China Real Estate
A Chinese national flag flutters at a construction site for a new residence complex in Beijing Nov. 4, 2013. REUTERS/Kim Kyung-Hoon

Stock markets rose Tuesday morning to hit fresh seven-year highs following Monday’s announcement by China’s central bank that it was reducing the minimum down payment on loans for second homes to 40 percent from 60 percent, and cutting the minimum down payment for first-home buyers using public housing funds to 20 percent from 30 percent.

The move is being seen as part of efforts to stimulate China’s sagging property market, which last month saw a record drop in prices, following six months of falling prices. China’s finance ministry also announced Monday that it was removing a 5.6 percent sales tax on homes that had been owned for more than two years; the move reversed a policy introduced in 2011 to cool an overheating market, which imposed tax on all property sales within five years of the purchase date.

News of the plans, apparently leaked to the market before the central bank announcement meeting, sent China’s already rebounding stock market to its highest close in seven years on Monday. The Shanghai Composite Index finished at 3786.57, while real estate stocks saw their biggest rise in six years, with many companies’ shares rising by their daily limit of 10 percent. On Tuesday, shares rose in early trading, with the Shanghai Stock Exchange breaking through the 3,800 mark, before falling back and losing about 1 percent on Tuesday afternoon while the CSI 300 index rose 1.9 percent early before losing ground and falling 0.9 percent.

China’s big commercial banks said they would seek to respond soon to the announcement. Some smaller banks have already cut their minimum loan requirements and interest rates too: A Shanghai website reported that Zhejiang Commercial Bank announced during the night that it would lower its deposit requirement to 40 percent, in line with the central bank’s announcement, and would also give a 30 percent discount on interest rates. Other banks reportedly said they would follow suit.

The also reported that at least one real estate developer said it would raise prices by around 3 percent on anticipation of growing demand, following the announcement. Some individual vendors are also reported to have raised prices by a similar amount, while others have decided to delay sales to see how the market develops. Some buyers reportedly rushed to real estate agents’ offices to make down payments on Monday night, fearing price rises, though one agent told the website that major price hikes by big developers were unlikely.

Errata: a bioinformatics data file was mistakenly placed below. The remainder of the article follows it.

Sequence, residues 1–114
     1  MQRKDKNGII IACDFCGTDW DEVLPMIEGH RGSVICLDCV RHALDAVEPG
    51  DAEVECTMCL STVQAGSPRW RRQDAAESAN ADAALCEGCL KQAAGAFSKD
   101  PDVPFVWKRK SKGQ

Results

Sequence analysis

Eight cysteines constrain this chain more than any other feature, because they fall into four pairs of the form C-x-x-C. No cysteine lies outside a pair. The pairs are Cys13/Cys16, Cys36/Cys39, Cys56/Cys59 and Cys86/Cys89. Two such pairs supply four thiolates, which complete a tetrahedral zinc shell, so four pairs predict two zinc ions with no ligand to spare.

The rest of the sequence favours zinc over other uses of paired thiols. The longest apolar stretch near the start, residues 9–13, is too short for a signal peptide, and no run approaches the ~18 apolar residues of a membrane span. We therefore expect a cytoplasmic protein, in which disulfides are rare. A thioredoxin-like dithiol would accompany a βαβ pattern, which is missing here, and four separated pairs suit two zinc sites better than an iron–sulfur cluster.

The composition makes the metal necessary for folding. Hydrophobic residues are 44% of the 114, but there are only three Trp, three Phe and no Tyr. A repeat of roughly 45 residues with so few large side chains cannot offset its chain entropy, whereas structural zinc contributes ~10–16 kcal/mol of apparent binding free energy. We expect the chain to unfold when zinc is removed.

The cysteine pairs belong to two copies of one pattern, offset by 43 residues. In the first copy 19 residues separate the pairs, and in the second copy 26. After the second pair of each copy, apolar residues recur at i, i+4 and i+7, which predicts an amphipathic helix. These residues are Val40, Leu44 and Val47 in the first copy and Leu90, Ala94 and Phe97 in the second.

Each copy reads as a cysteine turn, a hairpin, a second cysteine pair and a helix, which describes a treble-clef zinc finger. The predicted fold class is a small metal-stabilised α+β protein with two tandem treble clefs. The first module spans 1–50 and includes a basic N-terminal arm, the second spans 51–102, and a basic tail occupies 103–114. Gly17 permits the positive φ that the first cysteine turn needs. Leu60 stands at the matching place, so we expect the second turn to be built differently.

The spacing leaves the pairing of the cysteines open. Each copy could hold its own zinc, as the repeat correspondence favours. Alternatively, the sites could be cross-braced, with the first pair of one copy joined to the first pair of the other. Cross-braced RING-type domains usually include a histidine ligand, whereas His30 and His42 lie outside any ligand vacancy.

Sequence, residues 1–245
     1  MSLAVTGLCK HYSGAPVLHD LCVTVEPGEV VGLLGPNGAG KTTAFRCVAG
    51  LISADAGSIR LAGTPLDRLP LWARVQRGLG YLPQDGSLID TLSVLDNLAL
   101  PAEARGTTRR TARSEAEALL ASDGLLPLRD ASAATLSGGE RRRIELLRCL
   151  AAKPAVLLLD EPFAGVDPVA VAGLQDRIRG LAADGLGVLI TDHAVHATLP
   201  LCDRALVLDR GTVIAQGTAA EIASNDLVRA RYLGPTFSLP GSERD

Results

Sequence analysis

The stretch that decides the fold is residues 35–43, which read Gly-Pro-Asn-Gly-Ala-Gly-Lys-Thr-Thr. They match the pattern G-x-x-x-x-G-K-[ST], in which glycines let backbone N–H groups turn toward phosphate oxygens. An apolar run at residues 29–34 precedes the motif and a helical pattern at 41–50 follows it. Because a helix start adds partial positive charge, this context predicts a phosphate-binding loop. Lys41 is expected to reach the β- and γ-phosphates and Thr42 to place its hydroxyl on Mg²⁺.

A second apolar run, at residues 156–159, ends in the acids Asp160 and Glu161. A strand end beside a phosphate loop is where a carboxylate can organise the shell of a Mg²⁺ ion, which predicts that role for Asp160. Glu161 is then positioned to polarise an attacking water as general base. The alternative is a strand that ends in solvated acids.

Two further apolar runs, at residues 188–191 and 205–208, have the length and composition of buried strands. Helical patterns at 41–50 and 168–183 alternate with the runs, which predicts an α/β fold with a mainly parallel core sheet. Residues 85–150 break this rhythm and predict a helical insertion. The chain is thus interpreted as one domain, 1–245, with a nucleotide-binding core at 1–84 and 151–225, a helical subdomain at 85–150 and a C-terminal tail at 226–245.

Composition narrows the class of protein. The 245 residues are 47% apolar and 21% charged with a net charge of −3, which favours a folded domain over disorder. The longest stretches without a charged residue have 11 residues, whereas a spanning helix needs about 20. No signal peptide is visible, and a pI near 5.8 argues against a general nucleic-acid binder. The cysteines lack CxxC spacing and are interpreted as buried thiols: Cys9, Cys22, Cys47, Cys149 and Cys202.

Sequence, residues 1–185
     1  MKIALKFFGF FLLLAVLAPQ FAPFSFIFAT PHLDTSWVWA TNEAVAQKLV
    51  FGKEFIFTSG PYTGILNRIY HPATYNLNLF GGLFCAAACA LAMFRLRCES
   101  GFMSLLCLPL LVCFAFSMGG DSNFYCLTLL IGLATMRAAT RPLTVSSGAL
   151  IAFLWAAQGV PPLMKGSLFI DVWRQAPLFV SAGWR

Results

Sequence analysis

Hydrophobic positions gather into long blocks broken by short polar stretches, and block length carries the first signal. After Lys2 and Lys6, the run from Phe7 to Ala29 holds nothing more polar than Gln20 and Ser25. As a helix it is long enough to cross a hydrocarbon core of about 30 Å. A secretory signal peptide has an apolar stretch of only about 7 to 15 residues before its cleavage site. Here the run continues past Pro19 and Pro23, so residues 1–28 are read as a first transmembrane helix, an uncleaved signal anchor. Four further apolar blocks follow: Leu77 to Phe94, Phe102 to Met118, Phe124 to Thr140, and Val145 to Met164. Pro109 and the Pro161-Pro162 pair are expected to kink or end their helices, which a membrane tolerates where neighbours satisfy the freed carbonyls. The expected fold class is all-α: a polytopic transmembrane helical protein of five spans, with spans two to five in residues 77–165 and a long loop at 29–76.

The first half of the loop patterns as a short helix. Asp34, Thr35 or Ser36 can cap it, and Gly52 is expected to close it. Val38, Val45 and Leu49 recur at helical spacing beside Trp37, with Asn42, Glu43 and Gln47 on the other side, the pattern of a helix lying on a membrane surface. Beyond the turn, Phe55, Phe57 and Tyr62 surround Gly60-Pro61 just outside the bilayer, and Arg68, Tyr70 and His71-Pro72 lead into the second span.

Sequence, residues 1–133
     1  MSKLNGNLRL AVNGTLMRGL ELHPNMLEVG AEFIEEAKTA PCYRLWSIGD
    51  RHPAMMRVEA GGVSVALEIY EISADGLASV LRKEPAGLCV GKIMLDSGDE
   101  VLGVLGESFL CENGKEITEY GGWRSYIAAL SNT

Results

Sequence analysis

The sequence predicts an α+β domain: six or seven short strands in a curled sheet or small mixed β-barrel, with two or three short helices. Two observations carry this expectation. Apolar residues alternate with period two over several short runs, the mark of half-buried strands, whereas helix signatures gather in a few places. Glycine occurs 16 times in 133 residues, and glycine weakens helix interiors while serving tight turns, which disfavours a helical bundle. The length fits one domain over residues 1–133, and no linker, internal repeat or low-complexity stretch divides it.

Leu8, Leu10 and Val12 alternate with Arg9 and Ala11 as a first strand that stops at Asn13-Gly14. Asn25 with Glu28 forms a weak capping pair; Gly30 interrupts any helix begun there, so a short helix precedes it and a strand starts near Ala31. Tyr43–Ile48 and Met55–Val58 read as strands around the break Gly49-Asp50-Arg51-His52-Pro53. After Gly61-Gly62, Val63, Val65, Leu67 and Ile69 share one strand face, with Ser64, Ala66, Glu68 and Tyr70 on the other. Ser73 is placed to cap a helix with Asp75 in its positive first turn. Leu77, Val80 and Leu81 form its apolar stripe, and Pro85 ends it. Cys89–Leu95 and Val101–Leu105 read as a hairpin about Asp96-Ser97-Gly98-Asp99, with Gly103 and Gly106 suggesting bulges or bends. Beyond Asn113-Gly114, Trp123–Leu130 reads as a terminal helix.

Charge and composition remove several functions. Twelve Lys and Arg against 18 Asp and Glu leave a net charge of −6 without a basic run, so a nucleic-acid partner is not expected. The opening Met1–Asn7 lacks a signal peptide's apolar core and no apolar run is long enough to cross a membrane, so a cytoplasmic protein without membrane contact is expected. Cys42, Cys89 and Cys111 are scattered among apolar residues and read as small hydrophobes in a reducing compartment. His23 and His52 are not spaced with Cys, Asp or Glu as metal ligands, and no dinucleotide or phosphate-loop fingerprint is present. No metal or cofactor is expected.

The policy moves follow several steps to boost the real estate market -- which provides some 15 percent of China’s GDP, not including related infrastructure - over the past half year. In late September Chinese banks relaxed rules on loans for people purchasing their first home.

Analysts say the government is caught between a fear of the property market overheating -- amid public concern about house prices, which remain far higher compared to average income than in many countries -- and fear of a crash, which could hit both real estate developers and the hundreds of millions of citizens who have already bought homes.

Many Chinese developers have been struggling to sell their inventory over the past year. The pressure on real estate companies was highlighted on Monday when Kaisa Group, a troubled property developer from the southern city of Shenzhen, which has already defaulted on loans, announced it would miss the deadline for filing its 2014 earnings, according to the South China Morning Post. Vanke, China’ s largest listed developer, meanwhile, reported a slowdown in profit growth in 2014, to 4.2 percent, on total sales of 15.75 billion yuan (about $2.53 billion], the paper said.

Concern about deflation, which Chinese leaders have warned about in recent days, and falling commodity prices, may also have inspired the policy relaxation, analysts say. But, speaking on Chinese state radio, Gao Sheng, an analyst at Guantong Futures in Beijing, said that while the moves might provide a short-term boost to demand, particularly for larger homes, some banks might still be unenthusiastic about offering loans to home buyers, as they can charge higher interest rates for other types of loans.

And Li-gang Liu, chief economist for Greater China at ANZ Bank, told the South China Morning Post that a further easing of monetary policy, including further cuts in lending rates, would be needed to prevent slowing GDP growth.